Saturday, March 31

Leo (Messi) the Great

Jason Kottke has a couple of Lionel Messi posts lately that I loved.

First one: All of Lionel Messi's 234 goals

It begins with a YouTube video reflective of the title. My thoughts:

Fascinating video.

The first thing that stands out to me is how quick Leo is on the ball. All things being equal, he can put a great touch on the ball more quickly than you can. If you're the goalie, he can beat you one on one before you can react, the ball passing right beside you or even under your legs.

Second, I would love to see sabermetric-style stats on how many of these he made (some quite difficult) when he had an open teammate. And how many he missed taking difficult shots when he could have passed. I love Messi, but he comes off a little selfish here. Of course, we're not watching a video of his assists, which he's also very adept at.

There's a second, almost throwaway, link at the bottom of this post that I like really well, too: Barcelona's secret to soccer success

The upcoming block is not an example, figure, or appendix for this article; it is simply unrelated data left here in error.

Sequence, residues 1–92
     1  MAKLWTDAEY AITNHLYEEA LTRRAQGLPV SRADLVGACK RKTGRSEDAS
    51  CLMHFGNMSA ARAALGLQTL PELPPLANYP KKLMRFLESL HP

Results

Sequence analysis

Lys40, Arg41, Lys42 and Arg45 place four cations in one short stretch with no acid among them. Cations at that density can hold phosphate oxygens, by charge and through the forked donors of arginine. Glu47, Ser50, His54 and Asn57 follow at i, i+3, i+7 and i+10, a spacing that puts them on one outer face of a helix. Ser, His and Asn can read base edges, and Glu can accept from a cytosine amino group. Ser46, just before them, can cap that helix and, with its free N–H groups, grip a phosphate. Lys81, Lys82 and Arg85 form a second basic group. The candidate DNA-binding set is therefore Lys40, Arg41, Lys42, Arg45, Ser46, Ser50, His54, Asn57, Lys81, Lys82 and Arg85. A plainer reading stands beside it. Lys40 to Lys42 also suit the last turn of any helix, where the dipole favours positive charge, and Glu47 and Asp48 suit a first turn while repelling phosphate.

(And not just because Pep looks positively cuddly in the accompanying photo ;-)

After reading the article, I requested the author's book, Soccernomics. Looking forward to reading it.

Kottke's second post: Lionel Messi documentary

Most of this stuff I'd already read or seen somewhere. But it gets me thinking: To me, the Champions League is the highest level of soccer right now in the world, better than the World Cup. I understand the argument that Messi hasn't won a World Cup yet. He's played twice and his coaches weren't too smart. I'm not saying you have to cater to him, but you'd be wise to make better use of him.

Further, how does the World Cup of the past compare to today? When Pele and Maradona faced England, Spain, Germany, France and the Netherlands, were they teams full of superstars the way they are today? I don't know. But how can Messi beat one of those teams by himself. Sure, you've also got Gonzalo HiguaĆ­n and some other guys who aren't bad, but it's just not the same, is it?

Furthermore, you better believe Pele's and Maradona's World Cup teams revolved around them, from coach to the last man on the roster. Maradona, I'm sure, and probably Pele, took control. That's not Messi's personality. He's a much humbler guy when it comes to demanding from his teammates (he's obviously not humble in how he performs on the pitch ;-)

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